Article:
Ten years after Katrina, blight remains amid recovery in New Orleans

The last decade has seen progress in key areas for the city’s residents and its infrastructure – but full recovery remains a challenge.

Carlos Barria/Reuters
An abandoned house after Hurricane Katrina is seen in the Lower Ninth Ward neighborhood of New Orleans, La., Aug. 18. In 2005, Hurricane Katrina triggered floods that inundated New Orleans and killed more than 1,500 people as storm waters overwhelmed levees and broke through flood walls. Congress authorized spending more than $14 billion to beef up the city's flood protection after Katrina and built a series of new barriers that include manmade islands and new wetlands.

Ten years after hurricane Katrina devastated southern Louisiana, recovery continues in New Orleans and along the Gulf Coast.

The worst-hit districts, still bearing the marks of disaster, remain blighted, run-down, and lined with abandoned houses that pose safety hazards to children and other residents. The people themselves are still affected, as well – New Orleans has one of the highest rates of youth unemployment in metro areas around the country, according to USA Today.

Yet the last decade has also brought hope and change to many communities hit hard by the tragedy. New Orleans residents today report seeing progress in key areas, including repairing the levees, attracting businesses and jobs, and improving medical and public transport services, a Kaiser Family Foundation poll found.

“I think despite all the underlying concerns, we see a lot of hope and a sense of resiliency,” Liz Hamel, the foundation’s director of public opinion and survey research, told NPR. “A majority now say the city has mostly recovered from the hurricane.”

Part of that progress has to do with rebuilding public confidence in resident safety as much as in rebuilding the city’s infrastructure, locals say.

“I never worried about flooding before Katrina, but after the storm, we had to ask whether it made sense, financially, to come back," Angele Givens told Reuters. In Katrina’s wake, Congress authorized spending more than $14 billion to bolster the city's existing flood protection infrastructure.

Billions also went into development efforts by the US Army Corps of Engineers: reinforcing 350 miles of levees, upgrading 70 pumping stations, and building a massive surge barrier – a nearly two-mile-long concrete wall that stretches across the convergence of three major waterways that connect to the Gulf of Mexico.

The recent work has made New Orleans and the surrounding metropolitan area “better protected than they ever have been,” Chip Kline, who chairs the Louisiana Coastal Protection and Restoration Authority, told Reuters.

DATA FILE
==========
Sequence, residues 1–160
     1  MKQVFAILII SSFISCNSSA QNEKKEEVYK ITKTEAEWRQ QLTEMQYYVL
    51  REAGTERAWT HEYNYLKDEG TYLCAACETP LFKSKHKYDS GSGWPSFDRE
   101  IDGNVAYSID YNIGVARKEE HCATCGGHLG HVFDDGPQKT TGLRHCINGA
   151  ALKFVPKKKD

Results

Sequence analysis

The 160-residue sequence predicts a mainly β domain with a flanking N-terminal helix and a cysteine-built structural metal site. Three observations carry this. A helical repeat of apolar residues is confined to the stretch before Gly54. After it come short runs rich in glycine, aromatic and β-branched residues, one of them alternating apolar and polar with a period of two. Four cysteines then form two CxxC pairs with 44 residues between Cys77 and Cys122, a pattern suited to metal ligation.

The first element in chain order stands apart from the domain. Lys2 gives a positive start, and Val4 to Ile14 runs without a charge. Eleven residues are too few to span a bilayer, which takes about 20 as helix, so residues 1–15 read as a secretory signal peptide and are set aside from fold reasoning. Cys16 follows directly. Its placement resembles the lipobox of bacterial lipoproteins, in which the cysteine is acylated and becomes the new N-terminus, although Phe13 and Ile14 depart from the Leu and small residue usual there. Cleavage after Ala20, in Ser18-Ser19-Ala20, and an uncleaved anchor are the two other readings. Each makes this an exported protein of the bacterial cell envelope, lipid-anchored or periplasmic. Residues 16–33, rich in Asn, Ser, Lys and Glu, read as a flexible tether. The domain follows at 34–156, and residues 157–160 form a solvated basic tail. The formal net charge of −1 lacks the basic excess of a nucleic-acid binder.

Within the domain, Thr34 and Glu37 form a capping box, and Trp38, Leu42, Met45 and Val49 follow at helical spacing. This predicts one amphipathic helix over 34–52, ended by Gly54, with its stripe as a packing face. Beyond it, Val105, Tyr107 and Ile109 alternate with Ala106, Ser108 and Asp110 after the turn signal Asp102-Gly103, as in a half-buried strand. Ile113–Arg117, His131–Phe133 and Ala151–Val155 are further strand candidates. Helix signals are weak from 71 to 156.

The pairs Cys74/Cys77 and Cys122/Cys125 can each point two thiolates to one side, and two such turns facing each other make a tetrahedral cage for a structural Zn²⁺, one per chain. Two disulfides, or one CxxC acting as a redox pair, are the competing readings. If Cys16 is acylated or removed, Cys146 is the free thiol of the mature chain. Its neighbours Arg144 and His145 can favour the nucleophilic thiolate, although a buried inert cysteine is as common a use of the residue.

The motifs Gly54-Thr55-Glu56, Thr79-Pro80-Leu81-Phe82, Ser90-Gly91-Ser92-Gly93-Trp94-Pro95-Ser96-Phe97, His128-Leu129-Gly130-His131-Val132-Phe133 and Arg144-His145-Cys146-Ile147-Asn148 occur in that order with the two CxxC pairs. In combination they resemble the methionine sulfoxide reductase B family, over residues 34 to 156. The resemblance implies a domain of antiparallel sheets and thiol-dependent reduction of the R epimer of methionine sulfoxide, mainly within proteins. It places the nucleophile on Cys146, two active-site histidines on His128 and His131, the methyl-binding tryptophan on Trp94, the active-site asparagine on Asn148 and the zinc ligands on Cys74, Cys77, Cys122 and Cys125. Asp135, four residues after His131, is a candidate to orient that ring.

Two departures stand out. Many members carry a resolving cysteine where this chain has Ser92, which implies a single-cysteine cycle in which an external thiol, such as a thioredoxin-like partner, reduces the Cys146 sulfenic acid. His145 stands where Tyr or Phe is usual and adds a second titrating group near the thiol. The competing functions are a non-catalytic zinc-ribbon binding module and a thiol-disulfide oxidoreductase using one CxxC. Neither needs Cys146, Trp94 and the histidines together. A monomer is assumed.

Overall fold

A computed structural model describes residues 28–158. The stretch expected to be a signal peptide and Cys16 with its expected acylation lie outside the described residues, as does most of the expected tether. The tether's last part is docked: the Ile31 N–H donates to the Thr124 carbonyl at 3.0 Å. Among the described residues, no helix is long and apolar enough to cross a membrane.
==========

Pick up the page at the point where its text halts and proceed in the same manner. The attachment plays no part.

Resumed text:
Entire blocks have also been rebuilt and renovated, and the world-famous French Quarter is abuzz with tourists, drawing businesses and gentrifying neighborhoods.

But challenges remain, many of them dating back before Katrina and exacerbated by the hurricane.

Amid the restored and remodeled houses, for instance, large swaths of blight remain. “Ten years after Katrina, many New Orleans residents struggle to find an affordable place to live even though the city is full of vacant properties,” The Atlantic reports.

There also exists a racial and socio-economic divide in how residents view recovery. Half of the city’s whites say the quality of life in their community is better today, while nearly half of blacks say it’s worse, a survey by the Louisiana State University’s Public Policy Lab found. Only 37 percent of African Americans say the state has mostly recovered, compared with 78 percent of whites.

And while part of that shift has to do with the populations that returned to New Orleans after the hurricane – the LSU study found that those who came back tended to be wealthier, white, and college-educated – the disparity reflects the ground that the city still needs to cover to bounce back from disaster.

“Look, there are some gains, there are real gains,” Andre M. Perry, an education consultant who came to the city after Katrina, told The New York Times. “But this 10th anniversary in so many ways is dangerous. I think a lot of people are saying ‘Look at what we’ve done,’ as if the work is finished, and we’re nowhere near finished.”

This report includes material from Reuters.

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